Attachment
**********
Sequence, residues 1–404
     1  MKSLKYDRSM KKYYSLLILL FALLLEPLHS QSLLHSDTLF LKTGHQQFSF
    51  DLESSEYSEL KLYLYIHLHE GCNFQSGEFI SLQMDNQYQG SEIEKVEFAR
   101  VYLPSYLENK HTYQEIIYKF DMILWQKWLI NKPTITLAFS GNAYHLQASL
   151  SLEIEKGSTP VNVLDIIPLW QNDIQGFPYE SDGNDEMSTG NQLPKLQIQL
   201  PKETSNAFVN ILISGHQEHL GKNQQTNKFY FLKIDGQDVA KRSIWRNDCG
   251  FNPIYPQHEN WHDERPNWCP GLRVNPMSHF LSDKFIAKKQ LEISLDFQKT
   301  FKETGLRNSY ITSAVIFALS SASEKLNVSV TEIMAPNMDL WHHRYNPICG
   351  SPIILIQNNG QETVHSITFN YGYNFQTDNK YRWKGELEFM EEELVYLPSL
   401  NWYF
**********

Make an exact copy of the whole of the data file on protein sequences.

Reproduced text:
Sequence, residues 1–404
     1  MKSLKYDRSM KKYYSLLILL FALLLEPLHS QSLLHSDTLF LKTGHQQFSF
    51  DLESSEYSEL KLYLYIHLHE GCNFQSGEFI SLQMDNQYQG SEIEKVEFAR
   101  VYLPSYLENK HTYQEIIYKF DMILWQKWLI NKPTITLAFS GNAYHLQASL
   151  SLEIEKGSTP VNVLDIIPLW QNDIQGFPYE SDGNDEMSTG NQLPKLQIQL
   201  PKETSNAFVN ILISGHQEHL GKNQQTNKFY FLKIDGQDVA KRSIWRNDCG
   251  FNPIYPQHEN WHDERPNWCP GLRVNPMSHF LSDKFIAKKQ LEISLDFQKT
   301  FKETGLRNSY ITSAVIFALS SASEKLNVSV TEIMAPNMDL WHHRYNPICG
   351  SPIILIQNNG QETVHSITFN YGYNFQTDNK YRWKGELEFM EEELVYLPSL
   401  NWYF